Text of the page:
Lynn Geesaman: Images Exhibition
Lynn Geesaman spent two decades creating some of the most timeless and beautiful images ever made of the natural world as it brushes against and mingles with human creations. Formal gardens of the Western tradition became her ostensible subject matter, but she ultimately zeroed in on the margin between artifice and nature. Not interested in documenting reality, she mastered a diffusion technique to suppress detail in her black and white photographs. Her goal was to make photographs that stepped further and further away from the literal, resulting in rich fields of black that call to mind the opulent darkness of drypoint, a method invented for tonal printmaking.
Geesaman studied physics and mathematics, which schooled her to instinctively organize pictorial space through geometric principles. In her haunting black-and-white photographs, Geesaman strove for three-dimensionality through chiaroscuro, a pictorial representation that focused on light and shade. It was Geesaman's response to the Bernheim Arboretum in 1992 that led her into color. She found that particular landscape unsuitable to her black-and-white aesthetic. Challenged, she took up a color film and taught herself chromogenic printing-pushing the boundaries of this process. As her color work progressed, it became more and more abstract; her colors more surreal, more imagined, and closer to painting than traditional color photography. In 2007 she took her last black-and-white photographs, and in 2009 her last color.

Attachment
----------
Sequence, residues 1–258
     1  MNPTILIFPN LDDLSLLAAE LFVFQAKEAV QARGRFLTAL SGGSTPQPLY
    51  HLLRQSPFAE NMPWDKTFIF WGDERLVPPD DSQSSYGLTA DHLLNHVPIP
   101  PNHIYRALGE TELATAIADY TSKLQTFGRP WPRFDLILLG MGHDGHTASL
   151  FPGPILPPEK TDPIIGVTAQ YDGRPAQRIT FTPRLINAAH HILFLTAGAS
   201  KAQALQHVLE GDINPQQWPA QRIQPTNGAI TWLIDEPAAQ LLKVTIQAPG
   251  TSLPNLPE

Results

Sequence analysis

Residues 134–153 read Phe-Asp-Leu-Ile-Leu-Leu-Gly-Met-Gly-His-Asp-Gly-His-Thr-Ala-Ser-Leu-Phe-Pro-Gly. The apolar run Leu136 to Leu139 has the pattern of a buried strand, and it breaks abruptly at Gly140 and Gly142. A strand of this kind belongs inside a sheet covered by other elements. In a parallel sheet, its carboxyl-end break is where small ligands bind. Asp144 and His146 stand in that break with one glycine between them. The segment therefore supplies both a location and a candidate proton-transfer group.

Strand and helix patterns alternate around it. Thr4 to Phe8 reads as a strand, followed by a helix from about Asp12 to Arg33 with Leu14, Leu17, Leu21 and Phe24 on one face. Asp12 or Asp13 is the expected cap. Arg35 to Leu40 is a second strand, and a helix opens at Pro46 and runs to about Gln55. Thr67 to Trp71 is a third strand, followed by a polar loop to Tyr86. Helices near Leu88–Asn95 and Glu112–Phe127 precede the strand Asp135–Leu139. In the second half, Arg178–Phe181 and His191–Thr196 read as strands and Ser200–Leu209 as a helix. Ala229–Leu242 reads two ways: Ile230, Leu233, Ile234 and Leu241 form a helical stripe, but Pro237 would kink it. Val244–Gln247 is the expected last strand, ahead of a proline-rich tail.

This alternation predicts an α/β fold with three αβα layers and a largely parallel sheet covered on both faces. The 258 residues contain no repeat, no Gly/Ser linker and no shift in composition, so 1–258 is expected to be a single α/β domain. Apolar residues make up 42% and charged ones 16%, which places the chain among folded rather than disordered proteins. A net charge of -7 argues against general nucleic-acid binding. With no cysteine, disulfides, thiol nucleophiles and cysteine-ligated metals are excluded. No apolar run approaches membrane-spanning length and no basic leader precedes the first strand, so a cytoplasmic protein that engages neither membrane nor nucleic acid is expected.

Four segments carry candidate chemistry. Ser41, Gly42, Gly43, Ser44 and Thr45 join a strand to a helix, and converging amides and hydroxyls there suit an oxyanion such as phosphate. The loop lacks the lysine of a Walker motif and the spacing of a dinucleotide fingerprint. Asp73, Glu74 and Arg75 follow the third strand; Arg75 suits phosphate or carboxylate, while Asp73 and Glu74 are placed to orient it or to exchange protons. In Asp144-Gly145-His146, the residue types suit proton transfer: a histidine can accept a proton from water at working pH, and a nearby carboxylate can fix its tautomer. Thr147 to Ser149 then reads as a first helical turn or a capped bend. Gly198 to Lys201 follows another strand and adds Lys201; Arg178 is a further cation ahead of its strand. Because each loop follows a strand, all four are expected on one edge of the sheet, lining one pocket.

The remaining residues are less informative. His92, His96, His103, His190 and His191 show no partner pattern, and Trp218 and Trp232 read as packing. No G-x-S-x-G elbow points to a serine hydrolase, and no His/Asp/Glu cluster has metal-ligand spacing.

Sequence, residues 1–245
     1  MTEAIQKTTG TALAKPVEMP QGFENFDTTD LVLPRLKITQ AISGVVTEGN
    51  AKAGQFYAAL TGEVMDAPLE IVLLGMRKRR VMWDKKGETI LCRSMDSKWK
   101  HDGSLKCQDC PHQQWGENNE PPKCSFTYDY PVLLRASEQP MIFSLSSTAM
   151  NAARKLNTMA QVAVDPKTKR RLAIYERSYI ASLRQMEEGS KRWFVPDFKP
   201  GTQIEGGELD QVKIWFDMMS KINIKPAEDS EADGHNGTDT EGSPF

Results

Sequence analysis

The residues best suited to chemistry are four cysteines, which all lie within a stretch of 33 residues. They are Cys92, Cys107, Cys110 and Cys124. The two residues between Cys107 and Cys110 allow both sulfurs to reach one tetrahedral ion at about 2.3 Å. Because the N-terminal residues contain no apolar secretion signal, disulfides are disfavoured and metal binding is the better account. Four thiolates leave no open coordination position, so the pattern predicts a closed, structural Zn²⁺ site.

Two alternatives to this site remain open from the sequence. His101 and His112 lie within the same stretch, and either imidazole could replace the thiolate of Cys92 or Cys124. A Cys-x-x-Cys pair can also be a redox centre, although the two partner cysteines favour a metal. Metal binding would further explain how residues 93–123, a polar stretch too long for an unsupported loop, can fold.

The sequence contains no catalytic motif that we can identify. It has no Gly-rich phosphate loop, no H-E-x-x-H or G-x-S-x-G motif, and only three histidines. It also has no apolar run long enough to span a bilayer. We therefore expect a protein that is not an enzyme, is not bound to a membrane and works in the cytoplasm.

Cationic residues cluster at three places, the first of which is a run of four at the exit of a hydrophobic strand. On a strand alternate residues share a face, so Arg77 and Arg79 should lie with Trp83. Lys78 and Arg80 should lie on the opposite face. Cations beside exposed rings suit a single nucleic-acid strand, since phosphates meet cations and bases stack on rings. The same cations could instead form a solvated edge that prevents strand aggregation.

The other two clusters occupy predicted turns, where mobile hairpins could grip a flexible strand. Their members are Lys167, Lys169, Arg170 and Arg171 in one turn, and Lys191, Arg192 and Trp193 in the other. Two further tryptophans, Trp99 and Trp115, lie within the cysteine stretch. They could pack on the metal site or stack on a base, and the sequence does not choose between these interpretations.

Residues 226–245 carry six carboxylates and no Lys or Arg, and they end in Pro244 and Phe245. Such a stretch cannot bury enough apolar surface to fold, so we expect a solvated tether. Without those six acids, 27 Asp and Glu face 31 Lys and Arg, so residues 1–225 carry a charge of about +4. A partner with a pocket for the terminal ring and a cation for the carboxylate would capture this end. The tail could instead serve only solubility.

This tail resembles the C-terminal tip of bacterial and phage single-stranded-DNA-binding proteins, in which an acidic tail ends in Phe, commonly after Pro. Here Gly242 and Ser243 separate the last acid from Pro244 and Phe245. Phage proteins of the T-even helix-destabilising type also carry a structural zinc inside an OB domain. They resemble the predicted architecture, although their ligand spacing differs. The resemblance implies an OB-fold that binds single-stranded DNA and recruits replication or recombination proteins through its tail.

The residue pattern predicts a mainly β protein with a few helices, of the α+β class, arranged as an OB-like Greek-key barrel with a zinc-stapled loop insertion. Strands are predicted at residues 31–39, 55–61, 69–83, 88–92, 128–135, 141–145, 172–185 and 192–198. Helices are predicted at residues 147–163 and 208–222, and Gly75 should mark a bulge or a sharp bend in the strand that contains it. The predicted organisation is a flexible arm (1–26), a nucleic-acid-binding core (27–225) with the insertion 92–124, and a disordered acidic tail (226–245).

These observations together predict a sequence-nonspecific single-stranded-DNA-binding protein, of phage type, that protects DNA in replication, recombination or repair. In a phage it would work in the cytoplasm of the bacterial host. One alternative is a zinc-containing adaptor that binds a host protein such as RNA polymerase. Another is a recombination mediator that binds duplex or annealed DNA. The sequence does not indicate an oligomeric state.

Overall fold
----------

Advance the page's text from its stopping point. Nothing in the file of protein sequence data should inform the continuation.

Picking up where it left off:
Location: The North Dakota Museum of Art
Date: Opening Tuesday, June 26th
Time: 6:00 pm - 8:00 pm
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